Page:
The first she did was on the Kissing Bridge while the trees swayed and clapped above her head. There were some uncaring students taking a shortcut through the bridge to get to class. It was a tiny little crossing. They had no choice but to slow down a little and listen to Janet's lovely voice. The second song we filmed while she sat in the middle of another, tunnel-looking bridge. The trees swayed again and crowded the stained and cracked windows to get a glimpse of her playing guitar in the middle of the wooden pathway. There were more people hobbling to class all around her. Busy, busy, busy. I was in a trance for the filming. The light, the passerybys, the trees, the way she sat or stood in the midst of a busy school day and played guitar for the film was really entrancing. So entrancing that I've decided to leave the performances alone as they are. No editing this time. No need for voices. No need for other images or words. The three songs (counting the piano one she eventually did) are in limbo between a photograph and film. I fell in love with the videos already while I watched them unfold from the screen of my camera. No need, no need. They belong on their own like bubbles of the lovely time I spent with Janet.

It was already around 2:30 pm. It was way past the time I expected this Session to take. After the second song, I sat next to her in the middle of that tunnel bridge. We spoke of self-teaching guitar and having the guts to play at open mics where no one is really there to see you. "That's what that student center feels like," she says. "Well, maybe those kids are all so stressed about papers and exams. Maybe they need an unexpected song?" I asked. She smiled again and fiddled with her guitar while she thought about it. A few minutes later, we were back in that crowded piano room. I sat close to her on the stool. I could hear her breathing heavy. I asked if she wanted to go through with the song. "Yeah, I'm ready. Let's do this." She played a really epic performance of her song "Without You" and I was swept off. The album version is great but really, there's no replacing this solo performance. For a while, you could watch her and swear she was back in her own room playing that song for the first time with an "Ah-ha" tattooed on her lips. No replacing it. No reproducing it ever again. It was the culmination, the zenith of our day.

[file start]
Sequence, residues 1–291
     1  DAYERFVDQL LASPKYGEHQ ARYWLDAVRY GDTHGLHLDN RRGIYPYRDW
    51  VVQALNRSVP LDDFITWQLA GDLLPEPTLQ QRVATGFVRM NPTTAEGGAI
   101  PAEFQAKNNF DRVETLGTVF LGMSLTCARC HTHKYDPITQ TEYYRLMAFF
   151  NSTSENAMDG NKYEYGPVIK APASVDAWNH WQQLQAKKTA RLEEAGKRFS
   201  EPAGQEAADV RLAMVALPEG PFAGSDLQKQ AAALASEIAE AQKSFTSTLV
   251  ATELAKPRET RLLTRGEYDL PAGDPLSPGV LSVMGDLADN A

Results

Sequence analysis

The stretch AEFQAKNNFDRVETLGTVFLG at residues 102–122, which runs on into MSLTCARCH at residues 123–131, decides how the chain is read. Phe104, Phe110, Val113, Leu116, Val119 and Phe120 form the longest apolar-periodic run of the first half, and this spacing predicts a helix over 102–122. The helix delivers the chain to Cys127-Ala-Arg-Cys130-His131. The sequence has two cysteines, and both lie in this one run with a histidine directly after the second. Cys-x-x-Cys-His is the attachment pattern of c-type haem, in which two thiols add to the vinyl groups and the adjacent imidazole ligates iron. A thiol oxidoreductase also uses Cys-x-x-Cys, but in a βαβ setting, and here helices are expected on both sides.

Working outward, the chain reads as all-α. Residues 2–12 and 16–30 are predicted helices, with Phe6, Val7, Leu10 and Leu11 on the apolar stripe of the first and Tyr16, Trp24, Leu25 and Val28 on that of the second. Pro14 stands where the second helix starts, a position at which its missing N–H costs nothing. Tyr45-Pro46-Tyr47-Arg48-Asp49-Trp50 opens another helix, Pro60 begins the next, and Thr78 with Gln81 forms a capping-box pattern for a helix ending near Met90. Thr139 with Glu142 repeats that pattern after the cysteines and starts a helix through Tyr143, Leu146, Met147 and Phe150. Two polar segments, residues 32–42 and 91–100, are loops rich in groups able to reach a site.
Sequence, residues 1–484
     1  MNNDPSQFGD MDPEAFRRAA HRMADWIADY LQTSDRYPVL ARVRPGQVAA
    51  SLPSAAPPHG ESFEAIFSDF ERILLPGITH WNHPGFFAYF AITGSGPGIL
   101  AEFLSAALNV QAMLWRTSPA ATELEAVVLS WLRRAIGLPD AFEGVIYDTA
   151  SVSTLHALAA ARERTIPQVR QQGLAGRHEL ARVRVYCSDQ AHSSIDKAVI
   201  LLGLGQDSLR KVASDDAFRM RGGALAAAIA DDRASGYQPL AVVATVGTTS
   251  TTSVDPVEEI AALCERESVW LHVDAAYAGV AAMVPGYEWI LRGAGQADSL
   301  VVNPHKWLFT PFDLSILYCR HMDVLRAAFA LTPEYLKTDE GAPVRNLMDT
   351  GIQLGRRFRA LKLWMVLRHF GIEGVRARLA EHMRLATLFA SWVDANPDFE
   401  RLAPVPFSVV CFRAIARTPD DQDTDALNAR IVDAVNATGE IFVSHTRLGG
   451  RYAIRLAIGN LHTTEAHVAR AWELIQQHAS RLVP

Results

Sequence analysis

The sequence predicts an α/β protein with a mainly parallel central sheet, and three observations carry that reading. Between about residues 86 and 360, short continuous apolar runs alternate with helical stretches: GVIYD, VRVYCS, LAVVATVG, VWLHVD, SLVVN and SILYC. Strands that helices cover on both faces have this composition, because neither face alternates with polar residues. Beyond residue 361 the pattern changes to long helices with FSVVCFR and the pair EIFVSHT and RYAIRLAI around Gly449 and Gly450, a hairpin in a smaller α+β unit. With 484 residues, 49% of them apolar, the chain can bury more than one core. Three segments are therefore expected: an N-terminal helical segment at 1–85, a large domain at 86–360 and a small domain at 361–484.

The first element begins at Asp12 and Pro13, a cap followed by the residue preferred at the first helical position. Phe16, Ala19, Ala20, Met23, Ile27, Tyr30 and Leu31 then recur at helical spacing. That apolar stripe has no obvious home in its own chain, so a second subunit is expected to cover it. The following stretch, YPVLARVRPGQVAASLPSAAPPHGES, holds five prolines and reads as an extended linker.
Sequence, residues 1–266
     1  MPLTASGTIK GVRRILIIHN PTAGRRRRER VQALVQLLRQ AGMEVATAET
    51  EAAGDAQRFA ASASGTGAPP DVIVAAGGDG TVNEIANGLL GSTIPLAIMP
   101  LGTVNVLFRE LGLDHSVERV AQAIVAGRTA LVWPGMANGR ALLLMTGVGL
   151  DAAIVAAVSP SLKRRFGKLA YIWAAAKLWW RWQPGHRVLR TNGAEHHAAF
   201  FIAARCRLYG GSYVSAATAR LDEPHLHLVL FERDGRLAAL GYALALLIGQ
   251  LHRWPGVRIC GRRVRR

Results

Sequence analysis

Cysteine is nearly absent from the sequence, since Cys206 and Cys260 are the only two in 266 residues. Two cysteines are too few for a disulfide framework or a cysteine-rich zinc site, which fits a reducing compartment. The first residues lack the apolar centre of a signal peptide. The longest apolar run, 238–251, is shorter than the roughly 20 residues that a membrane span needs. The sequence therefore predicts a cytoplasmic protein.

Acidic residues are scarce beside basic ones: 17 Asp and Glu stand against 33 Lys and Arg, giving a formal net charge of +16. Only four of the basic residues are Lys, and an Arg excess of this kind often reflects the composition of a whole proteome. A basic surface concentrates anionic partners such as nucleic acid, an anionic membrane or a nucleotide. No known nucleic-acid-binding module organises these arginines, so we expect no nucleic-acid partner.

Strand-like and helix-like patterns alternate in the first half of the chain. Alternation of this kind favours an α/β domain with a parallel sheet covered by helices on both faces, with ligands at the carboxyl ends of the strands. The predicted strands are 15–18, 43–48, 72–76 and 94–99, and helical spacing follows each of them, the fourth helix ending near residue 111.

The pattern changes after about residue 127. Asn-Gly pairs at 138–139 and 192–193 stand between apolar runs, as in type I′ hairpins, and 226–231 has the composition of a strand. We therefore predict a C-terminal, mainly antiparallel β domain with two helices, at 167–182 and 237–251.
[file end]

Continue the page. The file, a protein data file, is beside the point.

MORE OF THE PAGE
We sat outside after the song so she could put down her riled up nerves. A girl came out of the room and walked up to her. "I just want you to know you gave me chills," she said to Janet.

It was around 3:30 pm. We had some crepes at a tiny, pseudo-French cafe on Easton Avenue. Our talks revealed the fact that we have the same poetry mother, the sublime Susan L. Miller. We spoke too of her old band, "Avery," whom I've been busy trying to find old albums of. "I think I had an Avery song from years ago in my old ipod," I said, amused by this new, musical twist. "Yup. That's us! That was me!" she says. After lunch, I let her borrow my portable, CASIO keyboard and we spent some minutes inside an empty auditorium. There was another beat up piano there. I recognized this one. David from Via Audio dropped kicked it during their Wanderer Session. There was really no chance in hell that thing could be working right. The last image I have stuck in my head was Janet sitting cross-legged in that empty auditorium with my keyboard on her lap. She was trying to play me one of her old Avery song. I got to enjoy the few seconds of its beginning before we gave up and settled for doing another time. "Maybe one of these days, you'll film my full band?" Perfectly fine. Right when our meeting started, I knew I'd be looking for new reasons to see her again.